Experiential learning, broadly, is any learning that supports students in applying their knowledge and conceptual understanding to real-world problems or situations where the instructor leads and encourage learning. The classroom, laboratory, or studio can serve as a setting for experiential learning through embedded activities such as case and problem-based studies, guided inquiry, simulations, experiments, or art projects (Wurdinger & Carl-son, 2010). Experiential learning helps the student to learn the skills they need for real-world success, also this will motivate students and support them to be a self-directed and life-long learner. Based on Kolb’s cycle of experiential learning, students experience the flow of experience, reflection,
This shows that we must learn from the experiences that we are put through. This so-called experiential learning process, cannot, however, be achieved in one go but rather through a process of reflection, of trial and go improving in each step of the way until the moment we get the so desired results. But the big question is: Once we acquire information is that invaluable learning an everlasting knowledge? The answer is no. What we have learnt to be appropriate today it may not be suitable for tomorrow’s reality.
“Experiential learning is an integration and alteration of thinking and doing” (Mullins and Christy, 2010). Kolb believes focusing and reflecting on concrete experiences is essential. He constructed a four-stage cycle involving four flexible learning modes which were Concrete Experience, Reflective Observation, Abstract Conceptualization, and Active Experimentation. Following this he also identified four learning style groups based on the four learning modes which were Divergers, Assimilators, Convergers and Accommodators (Hong et al 2007). Kolb’s Experiential Learning Cycle is very cleverly designed, it is a one way system where one can enter at any stage but must follow in sequence.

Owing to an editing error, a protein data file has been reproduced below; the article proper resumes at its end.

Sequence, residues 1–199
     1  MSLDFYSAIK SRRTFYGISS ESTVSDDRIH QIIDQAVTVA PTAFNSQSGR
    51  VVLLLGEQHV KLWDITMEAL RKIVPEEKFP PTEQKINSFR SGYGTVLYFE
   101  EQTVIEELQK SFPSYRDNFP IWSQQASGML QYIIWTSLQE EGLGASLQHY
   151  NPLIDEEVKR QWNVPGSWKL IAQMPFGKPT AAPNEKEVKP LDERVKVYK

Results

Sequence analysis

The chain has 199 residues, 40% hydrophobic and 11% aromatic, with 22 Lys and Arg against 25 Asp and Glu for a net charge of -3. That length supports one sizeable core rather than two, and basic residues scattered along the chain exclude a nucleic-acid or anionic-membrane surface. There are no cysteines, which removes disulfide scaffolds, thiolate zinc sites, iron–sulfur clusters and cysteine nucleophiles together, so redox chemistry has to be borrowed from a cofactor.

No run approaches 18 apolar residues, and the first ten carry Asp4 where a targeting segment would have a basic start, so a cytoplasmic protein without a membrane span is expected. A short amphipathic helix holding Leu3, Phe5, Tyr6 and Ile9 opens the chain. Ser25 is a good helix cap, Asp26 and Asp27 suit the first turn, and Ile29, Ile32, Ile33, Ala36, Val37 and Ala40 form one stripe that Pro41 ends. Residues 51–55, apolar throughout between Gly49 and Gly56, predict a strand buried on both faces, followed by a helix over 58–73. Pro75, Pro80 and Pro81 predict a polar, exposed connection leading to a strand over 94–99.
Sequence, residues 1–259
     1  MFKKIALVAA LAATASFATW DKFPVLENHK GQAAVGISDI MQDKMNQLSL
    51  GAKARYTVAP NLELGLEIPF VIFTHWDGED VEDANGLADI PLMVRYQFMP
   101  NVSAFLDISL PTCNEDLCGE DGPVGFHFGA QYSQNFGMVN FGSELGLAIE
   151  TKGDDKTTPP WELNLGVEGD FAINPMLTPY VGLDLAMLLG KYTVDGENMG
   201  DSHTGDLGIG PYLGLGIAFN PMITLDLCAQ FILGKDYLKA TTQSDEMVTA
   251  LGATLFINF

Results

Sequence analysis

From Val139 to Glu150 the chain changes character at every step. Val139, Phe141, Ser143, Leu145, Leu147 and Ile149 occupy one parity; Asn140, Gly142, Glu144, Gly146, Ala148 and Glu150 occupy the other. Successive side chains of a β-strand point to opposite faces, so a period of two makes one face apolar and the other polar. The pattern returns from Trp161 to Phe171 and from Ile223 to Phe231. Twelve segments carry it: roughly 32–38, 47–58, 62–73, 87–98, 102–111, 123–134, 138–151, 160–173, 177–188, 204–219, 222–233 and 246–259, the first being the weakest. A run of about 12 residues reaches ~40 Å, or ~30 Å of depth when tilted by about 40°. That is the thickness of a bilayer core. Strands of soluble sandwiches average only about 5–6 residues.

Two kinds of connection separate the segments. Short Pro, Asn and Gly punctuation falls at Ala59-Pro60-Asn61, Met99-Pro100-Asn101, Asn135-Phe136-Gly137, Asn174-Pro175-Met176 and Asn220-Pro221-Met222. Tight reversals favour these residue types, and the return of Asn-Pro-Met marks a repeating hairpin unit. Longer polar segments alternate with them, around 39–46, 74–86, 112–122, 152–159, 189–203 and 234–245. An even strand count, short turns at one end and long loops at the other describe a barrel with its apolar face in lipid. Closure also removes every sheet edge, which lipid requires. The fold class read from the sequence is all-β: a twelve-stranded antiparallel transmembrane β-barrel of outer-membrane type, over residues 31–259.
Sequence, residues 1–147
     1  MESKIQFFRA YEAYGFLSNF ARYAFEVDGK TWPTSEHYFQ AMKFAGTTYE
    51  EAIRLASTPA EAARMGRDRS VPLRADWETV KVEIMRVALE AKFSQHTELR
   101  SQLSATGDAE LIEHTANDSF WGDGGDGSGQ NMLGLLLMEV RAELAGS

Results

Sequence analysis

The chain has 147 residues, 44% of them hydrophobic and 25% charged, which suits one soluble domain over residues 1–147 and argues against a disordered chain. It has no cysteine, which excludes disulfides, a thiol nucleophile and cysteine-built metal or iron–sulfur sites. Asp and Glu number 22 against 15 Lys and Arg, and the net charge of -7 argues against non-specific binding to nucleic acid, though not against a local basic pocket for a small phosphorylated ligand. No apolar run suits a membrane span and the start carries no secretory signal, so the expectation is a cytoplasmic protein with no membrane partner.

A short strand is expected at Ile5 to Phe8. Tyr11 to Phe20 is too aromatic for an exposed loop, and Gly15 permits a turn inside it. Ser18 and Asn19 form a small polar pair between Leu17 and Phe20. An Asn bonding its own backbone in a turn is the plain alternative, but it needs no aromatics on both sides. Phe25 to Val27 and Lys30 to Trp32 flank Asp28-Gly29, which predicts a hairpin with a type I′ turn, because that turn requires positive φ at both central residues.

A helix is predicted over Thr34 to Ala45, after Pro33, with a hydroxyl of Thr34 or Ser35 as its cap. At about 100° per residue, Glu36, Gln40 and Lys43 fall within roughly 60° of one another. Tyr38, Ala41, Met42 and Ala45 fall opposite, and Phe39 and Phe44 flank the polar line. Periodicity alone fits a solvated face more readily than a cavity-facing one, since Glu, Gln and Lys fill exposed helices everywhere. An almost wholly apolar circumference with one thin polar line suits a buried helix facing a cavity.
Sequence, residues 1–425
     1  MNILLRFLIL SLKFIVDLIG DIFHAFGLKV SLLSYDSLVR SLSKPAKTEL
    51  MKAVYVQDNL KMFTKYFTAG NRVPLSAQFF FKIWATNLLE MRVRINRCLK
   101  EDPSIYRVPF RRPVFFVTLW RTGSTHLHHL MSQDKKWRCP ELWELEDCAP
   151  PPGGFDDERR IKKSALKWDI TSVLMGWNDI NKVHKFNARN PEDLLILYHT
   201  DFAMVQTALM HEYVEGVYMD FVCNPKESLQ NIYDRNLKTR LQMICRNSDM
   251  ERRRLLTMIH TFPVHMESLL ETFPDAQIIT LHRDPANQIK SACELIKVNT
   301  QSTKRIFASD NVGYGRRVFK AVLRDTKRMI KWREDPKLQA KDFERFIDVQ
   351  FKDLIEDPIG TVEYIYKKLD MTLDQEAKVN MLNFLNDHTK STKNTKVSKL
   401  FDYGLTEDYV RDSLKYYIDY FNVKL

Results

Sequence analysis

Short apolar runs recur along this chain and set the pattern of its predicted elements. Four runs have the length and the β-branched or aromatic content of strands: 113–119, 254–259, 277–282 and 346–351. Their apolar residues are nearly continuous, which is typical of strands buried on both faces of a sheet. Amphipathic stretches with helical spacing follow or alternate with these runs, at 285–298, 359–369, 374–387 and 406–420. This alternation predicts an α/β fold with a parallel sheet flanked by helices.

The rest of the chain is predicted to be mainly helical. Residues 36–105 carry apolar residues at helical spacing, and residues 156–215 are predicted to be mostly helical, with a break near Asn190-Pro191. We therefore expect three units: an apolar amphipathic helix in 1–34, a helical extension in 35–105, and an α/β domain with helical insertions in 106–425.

Suratman (2013) found that informal learning activities are more or less are enhancing job satisfaction. Informal learning is one of learning that aid team building and empowered the team member (Marsick et al., 2000). According to Yang and Lu (2001), informal learning is the essential determinant of individual performance. According to Hoekstra and Korthagen (2011), teacher those involved in informal learning are enhancing experience during the learning
Methods: Students and lecturers at five colleges were given the opportunity to study and teach using a more interactive method of teaching. The core elements of active learning are student activity and engagement in the learning process. Active learning is completely the opposite to the traditional lecture where students passively receive information from the teacher (2). Active learning included any activity, encouraging students to participate in learning approaches to engaging them with course material and enhancing critical thinking as they make applications beyond the classroom. Specifically, pupils were required to engage in a variety of in-class and out-of class exploratory writing assignments and pairs and other small group discussions interspersed among short lectures
Experiential learning is learning through action, doing, experiences, discovery and exploration, which is used by educators to teach students in order to increase knowledge, develop skills, and clarify values (Gentry, 1990). For experiential learning to take place, there are eight principles that has to be present: direct and purposeful experiences, appropriately challenging the clients, natural consequences, client-based changes, present and future relevance, synthesis and reflection, personal responsibility and clients become actively engaged (Priest & Gass, 2005). These eight principles will be discussed and implemented on an outdoor adventure program designed for children between the ages of nine and twelve. They will be divided into two
CHAPTER 2 Literature Review The literature review involves the theoretical frameworks of experiential learning as presented in terms of learning style. The contents of this chapter is presented in on four stages; Concrete Experience: the learner will use experience in the past to connect with new learning, Reflective Observation: of the new experience of particular importance are any inconsistencies between experience and understanding, Abstract Conceptualization: Reflection gives rise to a new idea, or a modification of an existing abstract concept, and Active Experimentation: in term of applying the knowledge
This outcomes in all learners getting the same preparing. E-learning enables immediate access to extra online assets can be implanted specifically into the preparation. Learner can test his own skills and get timely feedback. 3. High Learning Retention: Mixed learning approaches result in a higher information consistency standard.